SME lending growth for NAB underpins revenue lift
National Australia Bank reported cash earning of $1.65 billion, up 1 per cent with revenue also up 1 per cent.
In its third quarter trading update, the bank said the result reflected growth in its SME lending as well as a slightly higher group margin due to lower funding costs.
Expenses were also flat on the back of ongoing productivity savings from its transformation program – compensating for higher compliance and risk costs, the bank said.
Against the backdrop of a challenging operating environment including subdued home lending growth, NAB acting CEO and future chair Philip Chronican said the bank’s third-quarter performance was solid compared with its first quarter trading update - with revenue increasing and costs flat.
“Our transformation remains on track, with SME lending growth over the quarter again a highlight as our ‘Best Business Bank’ initiatives deliver better customer outcomes,” Chronican said.
He noted that this has resulted in a 27 per cent reduction in over-the-counter transaction and an 18 per cent reduction in call centre volumes since the transformation began.
The cash earnings excluded customer-related remediation.
Chronican acknowledged that regulatory compliance investigations are continuing with the potential for additional costs.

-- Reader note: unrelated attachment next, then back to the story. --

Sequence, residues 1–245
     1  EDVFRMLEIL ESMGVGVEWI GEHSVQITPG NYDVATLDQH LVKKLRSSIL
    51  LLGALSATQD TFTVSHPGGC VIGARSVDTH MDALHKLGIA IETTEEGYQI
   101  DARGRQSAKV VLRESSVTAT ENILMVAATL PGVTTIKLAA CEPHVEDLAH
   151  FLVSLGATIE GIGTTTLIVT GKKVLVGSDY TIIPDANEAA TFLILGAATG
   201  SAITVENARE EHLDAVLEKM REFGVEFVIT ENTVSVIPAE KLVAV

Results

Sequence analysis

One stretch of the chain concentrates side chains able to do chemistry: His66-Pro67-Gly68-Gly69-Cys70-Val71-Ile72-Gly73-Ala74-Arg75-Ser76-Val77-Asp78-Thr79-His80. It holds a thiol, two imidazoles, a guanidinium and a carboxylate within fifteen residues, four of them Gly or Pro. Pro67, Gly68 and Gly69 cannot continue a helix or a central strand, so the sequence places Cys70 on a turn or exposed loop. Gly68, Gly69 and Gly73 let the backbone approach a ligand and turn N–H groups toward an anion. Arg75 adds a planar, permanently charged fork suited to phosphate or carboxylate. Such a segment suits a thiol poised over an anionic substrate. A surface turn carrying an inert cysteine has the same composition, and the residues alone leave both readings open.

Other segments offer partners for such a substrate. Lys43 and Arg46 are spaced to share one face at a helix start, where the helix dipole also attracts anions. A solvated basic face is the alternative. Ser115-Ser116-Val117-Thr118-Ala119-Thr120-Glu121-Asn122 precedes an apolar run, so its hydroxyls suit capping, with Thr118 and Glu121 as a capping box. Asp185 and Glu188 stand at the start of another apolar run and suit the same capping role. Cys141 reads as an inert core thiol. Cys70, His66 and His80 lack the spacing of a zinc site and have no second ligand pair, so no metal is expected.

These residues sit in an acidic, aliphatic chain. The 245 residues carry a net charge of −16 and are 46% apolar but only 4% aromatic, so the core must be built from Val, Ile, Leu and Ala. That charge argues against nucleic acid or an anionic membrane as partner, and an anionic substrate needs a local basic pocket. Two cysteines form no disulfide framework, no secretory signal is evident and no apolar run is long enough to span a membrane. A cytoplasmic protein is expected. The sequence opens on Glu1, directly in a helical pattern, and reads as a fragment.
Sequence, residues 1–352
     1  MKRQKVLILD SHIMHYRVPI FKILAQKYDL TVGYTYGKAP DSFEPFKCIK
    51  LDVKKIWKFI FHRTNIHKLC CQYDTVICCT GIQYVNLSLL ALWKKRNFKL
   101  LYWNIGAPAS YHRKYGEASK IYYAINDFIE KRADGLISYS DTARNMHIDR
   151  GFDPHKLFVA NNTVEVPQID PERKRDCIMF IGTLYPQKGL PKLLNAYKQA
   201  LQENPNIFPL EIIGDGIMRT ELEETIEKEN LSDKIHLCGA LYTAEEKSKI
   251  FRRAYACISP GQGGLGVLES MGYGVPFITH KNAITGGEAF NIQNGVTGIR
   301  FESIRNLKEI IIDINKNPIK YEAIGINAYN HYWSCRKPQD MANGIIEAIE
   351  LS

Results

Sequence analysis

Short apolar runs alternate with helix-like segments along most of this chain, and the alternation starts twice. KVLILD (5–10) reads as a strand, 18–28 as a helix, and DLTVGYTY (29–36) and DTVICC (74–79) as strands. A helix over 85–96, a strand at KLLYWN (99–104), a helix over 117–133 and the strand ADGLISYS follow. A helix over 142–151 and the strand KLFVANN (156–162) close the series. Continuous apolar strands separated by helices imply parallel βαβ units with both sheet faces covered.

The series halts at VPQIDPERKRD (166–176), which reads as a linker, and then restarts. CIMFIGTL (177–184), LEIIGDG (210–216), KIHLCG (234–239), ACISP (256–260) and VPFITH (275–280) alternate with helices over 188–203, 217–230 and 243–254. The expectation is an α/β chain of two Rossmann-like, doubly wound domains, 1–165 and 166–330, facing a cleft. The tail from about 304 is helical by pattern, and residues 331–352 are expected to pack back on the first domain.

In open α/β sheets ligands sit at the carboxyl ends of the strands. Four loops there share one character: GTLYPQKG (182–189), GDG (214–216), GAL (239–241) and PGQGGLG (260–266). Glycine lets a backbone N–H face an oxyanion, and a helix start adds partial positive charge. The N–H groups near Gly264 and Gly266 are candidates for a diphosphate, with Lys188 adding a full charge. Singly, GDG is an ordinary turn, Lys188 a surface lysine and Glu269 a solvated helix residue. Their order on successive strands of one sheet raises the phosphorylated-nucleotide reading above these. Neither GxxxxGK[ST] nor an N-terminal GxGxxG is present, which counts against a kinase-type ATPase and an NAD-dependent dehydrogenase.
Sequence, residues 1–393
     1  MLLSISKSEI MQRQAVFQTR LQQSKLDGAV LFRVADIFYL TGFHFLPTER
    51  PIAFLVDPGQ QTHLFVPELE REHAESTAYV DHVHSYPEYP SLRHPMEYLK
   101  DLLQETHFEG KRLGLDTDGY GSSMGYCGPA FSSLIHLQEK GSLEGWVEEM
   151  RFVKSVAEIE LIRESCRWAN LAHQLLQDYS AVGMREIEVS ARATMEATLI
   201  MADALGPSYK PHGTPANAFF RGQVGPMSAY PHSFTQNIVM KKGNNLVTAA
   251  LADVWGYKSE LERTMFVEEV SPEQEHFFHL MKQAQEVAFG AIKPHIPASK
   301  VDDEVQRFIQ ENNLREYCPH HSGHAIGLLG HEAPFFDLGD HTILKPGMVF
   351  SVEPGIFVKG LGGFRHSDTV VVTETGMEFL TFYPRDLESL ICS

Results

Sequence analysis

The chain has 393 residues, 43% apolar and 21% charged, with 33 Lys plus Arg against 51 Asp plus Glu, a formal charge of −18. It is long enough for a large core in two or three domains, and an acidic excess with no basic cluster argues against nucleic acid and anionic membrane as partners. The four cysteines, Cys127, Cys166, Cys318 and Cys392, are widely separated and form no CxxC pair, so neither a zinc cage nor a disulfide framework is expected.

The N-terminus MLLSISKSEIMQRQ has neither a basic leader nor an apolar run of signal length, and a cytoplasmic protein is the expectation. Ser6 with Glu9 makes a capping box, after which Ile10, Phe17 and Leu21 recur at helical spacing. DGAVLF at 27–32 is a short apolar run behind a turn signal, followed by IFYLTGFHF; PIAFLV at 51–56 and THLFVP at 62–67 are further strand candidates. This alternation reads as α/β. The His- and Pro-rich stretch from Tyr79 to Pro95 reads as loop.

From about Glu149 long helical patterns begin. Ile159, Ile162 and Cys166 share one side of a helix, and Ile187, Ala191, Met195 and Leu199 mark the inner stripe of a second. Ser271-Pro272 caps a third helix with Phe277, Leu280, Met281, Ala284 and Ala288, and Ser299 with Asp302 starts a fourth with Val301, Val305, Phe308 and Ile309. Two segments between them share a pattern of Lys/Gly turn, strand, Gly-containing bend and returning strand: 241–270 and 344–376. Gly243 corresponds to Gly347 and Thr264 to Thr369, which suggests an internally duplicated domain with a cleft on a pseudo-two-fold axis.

The bank will report its full-year result in November which will reflect these costs.
On the asset quality front, credit impairment charges increased 10 per cent to $247 million compared with the first half 2019 quarterly average.
Mortgages that are 90 days plus in arrears increased from 0.79 per cent to 0.85 per cent largely due to rising Australian mortgage delinquencies.
The banks said that overall, asset quality remains broadly sound.
The bank’s Group Common Equity Tier 1 ratio was 10.4 per cent but that did not include the $1 billion the bank raised in its dividend reinvestment plan.
Morningstar bank analyst Nathan Zaia said the result was largely as expected.
“After a soft second quarter, it is pleasing to see a return to - even, if marginal quarter-on-quarter - growth,” Zaia said.
“Despite the positive momentum, we continue to expect some downward pressure on net interest margins as the impact of the Reserve Bank of Australia’s recent cash rate cuts are absorbed,” he said.
However, he noted that expected remediation costs remain a disappointing feature of the major bank’s results.
While the Morningstar analyst expects additional provisions in the advice space to be recognised in second-half fiscal 2019, the magnitude wont’ impact on its valuation.
Although the 90-day arrears and impaired assets trended slightly higher, asset quality remains sound, according to Zaia.
“Australian mortgage delinquencies are being impacted by high household debt levels, weak wage growth, conversion from interest-only to principal and interest loans and less buoyant house price rises.
“Consequently, borrowers are staying in arrears for longer.”